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John Taylor
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John Taylor won his first cap for Wales at the age of 21 and played 26 Tests during the golden era of Welsh rugby. He also toured with the Lions twice, in 1968 and again in 1971, when he played in all four Tests as they beat the All Blacks to record the Lions' only series victory in New Zealand. He retired from playing in 1978 and began a successful career in broadcasting and journalism. He has covered the last eight Lions tours and has been a regular contributor to ESPNscrum since 1999.
Bowring should take the reins for Wales
John Taylor
October 2, 2007

"Jenkins was and is a thoroughly competent coach but he simply did not have enough variety of experience." John Taylor issues his verdict on the Wales debacle

Nobody, least of all Gareth Jenkins, will be surprised that Wales' early exit from the World Cup has cost him his job. For a nation as proud of its rugby heritage as Wales, reaching the quarter-finals is the bottom line.

To go out at the Pool stage is quite simply not good enough and the coach is the man who has to take the blame - even if it is not entirely his fault.

As WRU group chief executive, Roger Lewis, said, 'No one can deny the total commitment, passion and dedication that Gareth Jenkins has delivered to Welsh rugby' - but that was never going to be enough.

Lewis went on to say, 'Sport at this level is defined by success and the reality is that Wales have failed...today the journey has started for Wales to the 2011 Rugby World Cup and we must aim for one thing and that is the success of a winning Wales (whatever that means).'

With just six wins from 20 games Jenkins was already under the cosh and even making the last eight might not have been enough to save him. The coaching staff had been the only part of the WRU which had not been transformed since Lewis took over almost exactly a year ago.

He had moved swiftly to get rid of the two men running the Union until he arrived - WRU chief executive, Steve Lewis, and Millennium Stadium, chief executive, Paul Sergeant, - and had brought in new blood in the communications, marketing and finance departments.

He had also let it be known there would be one more important appointment to complete the new jigsaw - the equivalent of England's Rob Andrew to oversee the whole playing and elite performance structure. That now becomes a huge priority because he will want him involved in the appointment of a new coach.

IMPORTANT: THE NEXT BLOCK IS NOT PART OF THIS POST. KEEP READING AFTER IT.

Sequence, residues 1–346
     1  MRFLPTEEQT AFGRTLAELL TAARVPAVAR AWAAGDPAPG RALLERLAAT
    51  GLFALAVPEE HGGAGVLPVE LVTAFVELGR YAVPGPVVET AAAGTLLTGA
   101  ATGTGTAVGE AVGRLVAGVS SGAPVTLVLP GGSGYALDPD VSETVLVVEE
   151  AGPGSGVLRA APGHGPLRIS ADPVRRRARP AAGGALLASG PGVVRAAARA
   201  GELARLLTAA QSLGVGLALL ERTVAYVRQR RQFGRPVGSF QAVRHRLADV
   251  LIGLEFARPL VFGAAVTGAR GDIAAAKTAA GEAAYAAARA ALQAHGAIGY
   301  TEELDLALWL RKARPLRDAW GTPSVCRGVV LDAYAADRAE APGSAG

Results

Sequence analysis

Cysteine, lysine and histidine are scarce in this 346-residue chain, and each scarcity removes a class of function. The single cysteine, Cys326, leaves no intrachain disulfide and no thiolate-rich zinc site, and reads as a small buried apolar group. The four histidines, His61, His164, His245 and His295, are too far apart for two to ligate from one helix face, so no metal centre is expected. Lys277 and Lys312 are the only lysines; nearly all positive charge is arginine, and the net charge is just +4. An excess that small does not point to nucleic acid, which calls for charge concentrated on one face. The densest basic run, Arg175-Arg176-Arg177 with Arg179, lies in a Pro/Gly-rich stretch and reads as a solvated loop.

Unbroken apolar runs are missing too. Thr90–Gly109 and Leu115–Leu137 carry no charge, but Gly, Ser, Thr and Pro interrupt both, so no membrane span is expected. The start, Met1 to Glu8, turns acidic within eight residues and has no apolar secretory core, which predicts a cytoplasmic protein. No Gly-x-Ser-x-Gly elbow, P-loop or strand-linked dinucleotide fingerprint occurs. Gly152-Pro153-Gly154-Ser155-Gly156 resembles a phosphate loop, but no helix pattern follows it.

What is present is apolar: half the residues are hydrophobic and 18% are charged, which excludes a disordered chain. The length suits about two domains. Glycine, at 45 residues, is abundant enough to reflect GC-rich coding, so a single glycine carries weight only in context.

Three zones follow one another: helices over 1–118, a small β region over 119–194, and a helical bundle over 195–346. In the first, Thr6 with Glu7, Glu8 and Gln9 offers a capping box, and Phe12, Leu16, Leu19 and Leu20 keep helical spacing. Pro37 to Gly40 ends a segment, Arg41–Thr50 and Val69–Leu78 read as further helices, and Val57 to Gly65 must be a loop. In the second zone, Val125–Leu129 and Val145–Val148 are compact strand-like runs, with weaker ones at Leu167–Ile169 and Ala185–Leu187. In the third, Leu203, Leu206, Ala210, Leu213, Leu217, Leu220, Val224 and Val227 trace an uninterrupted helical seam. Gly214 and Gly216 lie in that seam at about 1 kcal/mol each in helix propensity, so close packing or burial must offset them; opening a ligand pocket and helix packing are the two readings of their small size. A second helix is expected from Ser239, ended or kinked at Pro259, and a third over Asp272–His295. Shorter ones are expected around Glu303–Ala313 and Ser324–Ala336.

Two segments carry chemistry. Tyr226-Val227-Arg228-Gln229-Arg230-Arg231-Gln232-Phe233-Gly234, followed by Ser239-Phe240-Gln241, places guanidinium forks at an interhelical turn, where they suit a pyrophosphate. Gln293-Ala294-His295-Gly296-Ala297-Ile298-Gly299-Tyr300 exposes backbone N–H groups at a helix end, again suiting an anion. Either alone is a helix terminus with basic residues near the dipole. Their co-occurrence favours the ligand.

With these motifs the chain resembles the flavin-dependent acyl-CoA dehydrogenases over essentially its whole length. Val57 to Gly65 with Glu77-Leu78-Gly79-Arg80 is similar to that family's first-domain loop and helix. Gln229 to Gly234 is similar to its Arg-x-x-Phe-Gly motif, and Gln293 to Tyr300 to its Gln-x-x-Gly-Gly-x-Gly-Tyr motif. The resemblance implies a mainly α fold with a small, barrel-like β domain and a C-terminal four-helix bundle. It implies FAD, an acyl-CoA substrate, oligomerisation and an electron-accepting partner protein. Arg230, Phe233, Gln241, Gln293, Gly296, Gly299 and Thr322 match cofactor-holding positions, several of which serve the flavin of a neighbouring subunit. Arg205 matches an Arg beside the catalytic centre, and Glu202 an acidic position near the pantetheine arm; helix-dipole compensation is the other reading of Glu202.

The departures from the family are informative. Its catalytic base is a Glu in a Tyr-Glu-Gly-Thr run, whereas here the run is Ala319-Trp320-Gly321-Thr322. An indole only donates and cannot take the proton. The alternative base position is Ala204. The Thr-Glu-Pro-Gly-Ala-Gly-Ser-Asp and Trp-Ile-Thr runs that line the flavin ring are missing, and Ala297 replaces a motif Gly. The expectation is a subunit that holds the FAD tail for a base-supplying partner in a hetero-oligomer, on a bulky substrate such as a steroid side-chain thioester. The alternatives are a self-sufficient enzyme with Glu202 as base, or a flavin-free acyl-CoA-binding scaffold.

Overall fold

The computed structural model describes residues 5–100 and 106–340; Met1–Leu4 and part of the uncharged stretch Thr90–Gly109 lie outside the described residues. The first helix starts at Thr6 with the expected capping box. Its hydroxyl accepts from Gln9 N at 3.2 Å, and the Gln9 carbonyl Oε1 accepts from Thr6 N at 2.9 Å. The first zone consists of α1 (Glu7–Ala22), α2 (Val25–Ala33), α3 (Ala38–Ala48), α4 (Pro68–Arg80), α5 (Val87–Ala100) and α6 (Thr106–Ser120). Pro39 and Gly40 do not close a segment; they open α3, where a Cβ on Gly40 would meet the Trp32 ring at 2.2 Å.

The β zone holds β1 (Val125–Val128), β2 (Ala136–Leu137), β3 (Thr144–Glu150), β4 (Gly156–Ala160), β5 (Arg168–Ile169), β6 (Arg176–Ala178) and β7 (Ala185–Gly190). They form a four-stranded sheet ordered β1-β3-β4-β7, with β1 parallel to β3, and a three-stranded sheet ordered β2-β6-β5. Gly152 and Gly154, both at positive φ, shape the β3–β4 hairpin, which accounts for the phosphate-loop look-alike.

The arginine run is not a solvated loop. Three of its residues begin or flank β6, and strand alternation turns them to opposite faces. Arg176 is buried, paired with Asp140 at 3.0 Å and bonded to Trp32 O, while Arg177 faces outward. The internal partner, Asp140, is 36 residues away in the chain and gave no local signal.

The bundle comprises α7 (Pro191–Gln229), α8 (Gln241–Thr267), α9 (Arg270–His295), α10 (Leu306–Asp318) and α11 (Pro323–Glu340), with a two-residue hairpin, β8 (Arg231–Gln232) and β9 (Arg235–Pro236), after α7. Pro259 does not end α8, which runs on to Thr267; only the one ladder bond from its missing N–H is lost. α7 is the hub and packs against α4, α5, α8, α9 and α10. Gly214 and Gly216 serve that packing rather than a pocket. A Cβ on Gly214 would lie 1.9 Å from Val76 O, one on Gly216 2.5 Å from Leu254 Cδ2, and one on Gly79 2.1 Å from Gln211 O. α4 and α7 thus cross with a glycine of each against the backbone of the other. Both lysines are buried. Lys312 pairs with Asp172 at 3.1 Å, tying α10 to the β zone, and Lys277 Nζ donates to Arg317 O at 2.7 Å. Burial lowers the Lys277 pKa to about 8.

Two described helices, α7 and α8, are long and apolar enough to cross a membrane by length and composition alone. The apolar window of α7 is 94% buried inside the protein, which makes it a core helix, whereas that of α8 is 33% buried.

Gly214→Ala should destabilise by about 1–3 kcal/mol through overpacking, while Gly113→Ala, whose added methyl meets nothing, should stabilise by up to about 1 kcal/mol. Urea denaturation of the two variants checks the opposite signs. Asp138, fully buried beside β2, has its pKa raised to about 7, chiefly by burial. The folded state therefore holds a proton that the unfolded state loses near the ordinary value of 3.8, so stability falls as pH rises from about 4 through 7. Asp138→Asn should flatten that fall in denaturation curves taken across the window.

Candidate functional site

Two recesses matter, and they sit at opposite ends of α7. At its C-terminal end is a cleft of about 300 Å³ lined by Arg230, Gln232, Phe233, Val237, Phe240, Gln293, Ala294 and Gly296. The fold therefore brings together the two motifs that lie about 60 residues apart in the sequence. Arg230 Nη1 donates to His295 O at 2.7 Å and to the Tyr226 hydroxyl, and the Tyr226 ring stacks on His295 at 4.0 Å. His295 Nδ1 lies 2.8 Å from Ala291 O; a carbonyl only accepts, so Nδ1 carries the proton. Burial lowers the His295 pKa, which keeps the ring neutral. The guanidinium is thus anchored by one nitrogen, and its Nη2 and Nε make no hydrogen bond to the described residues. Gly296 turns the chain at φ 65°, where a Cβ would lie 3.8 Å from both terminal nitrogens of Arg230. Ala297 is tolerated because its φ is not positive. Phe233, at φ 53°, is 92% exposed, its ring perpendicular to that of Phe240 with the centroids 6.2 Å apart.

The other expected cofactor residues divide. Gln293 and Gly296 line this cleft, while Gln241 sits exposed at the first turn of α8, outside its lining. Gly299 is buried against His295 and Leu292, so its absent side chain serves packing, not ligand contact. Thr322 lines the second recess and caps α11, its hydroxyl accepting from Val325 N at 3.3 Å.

Jenkins was and is a thoroughly competent coach (faint praise) but he simply did not have enough variety of experience. He had spent his whole career at Llanelli and that was the reason, the then group chief executive, David Moffett, stepped in to persuade Mike Ruddock to take the job in 2004 after Jenkins thought he had it.

Ruddock had broadened his horizons and was a much more worldly figure - an essential ingredient of being a successful national coach.

Jenkins then made matters worse by surrounding himself with a team of assistant coaches that had even less experience. They were all Welsh which he tried to sell as a massive plus but it turned out to be horribly naïve.

Everybody east of Swansea saw it as cronyism - Nigel Davies and Robin McBryde had been with him at Llanelli, Rowland Phillips was another West Walean - the knives were out right from the start.

There was much talk from the head coach about 'the Welsh Way.' It was supposed to denote a different, unique, direction for Welsh rugby in style and coaching but it was always unconvincing.

There was never enough substance to how and what he was trying to achieve and, as various crises emerged, he changed tack far too often.

The rumour and counter-rumour that surrounded the departure of Ruddock and the subsequent attempts to get the players' favourite, Australian, Scott Johnson, to take over were issues that Jenkins had to deal with as soon as he took the job but he never lanced the boil and there was always the feeling that the senior players still held too much sway.

There is always a fine line between stamping authority and using the experience in the squad and Jenkins never got it right. Gareth Thomas was always a loose cannon and you never felt Jenkins could control him.

He made an unnecessary rod for his own back over the captaincy and, increasingly, came to be seen as a man with a vision but no clear plan as to how to make it happen.

So, what now? It goes without saying that the whole coaching team will go - a new coach will always want to pick his own team and the current group (except perhaps Neil Jenkins) really do not tick any of the boxes - but the team manager must go as well.

Alan Phillips was always a strange choice and never seemed to be around when there was a crisis that needed a managerial safe pair of hands - take the Gareth Thomas television debacle, for example.

Then there is that crucial appointment of an elite performance director.

Wales do need somebody who knows the structure and the politics and there is one candidate who is ideally suited if he can be persuaded to take the job.

Kevin Bowring left the WRU when he was ousted as coach, feeling betrayed and disillusioned. He has since built a formidable reputation behind the scenes with the RFU as somebody who can identify and bring through coaching talent at the elite level.

For the top job I have no doubts that Wales have to look outside the Principality. Through mismanagement and politics they have exhausted all the plausible candidates and would now be scraping the barrel if they were to look to appoint from within.

Jake White and Eddie Jones have other things to worry about for the next couple of weeks but I suspect they might be getting a call in the not too distant future - they might be rival candidates or even be sounded out as the dream team - expensive but Lewis usually gets what he wants.

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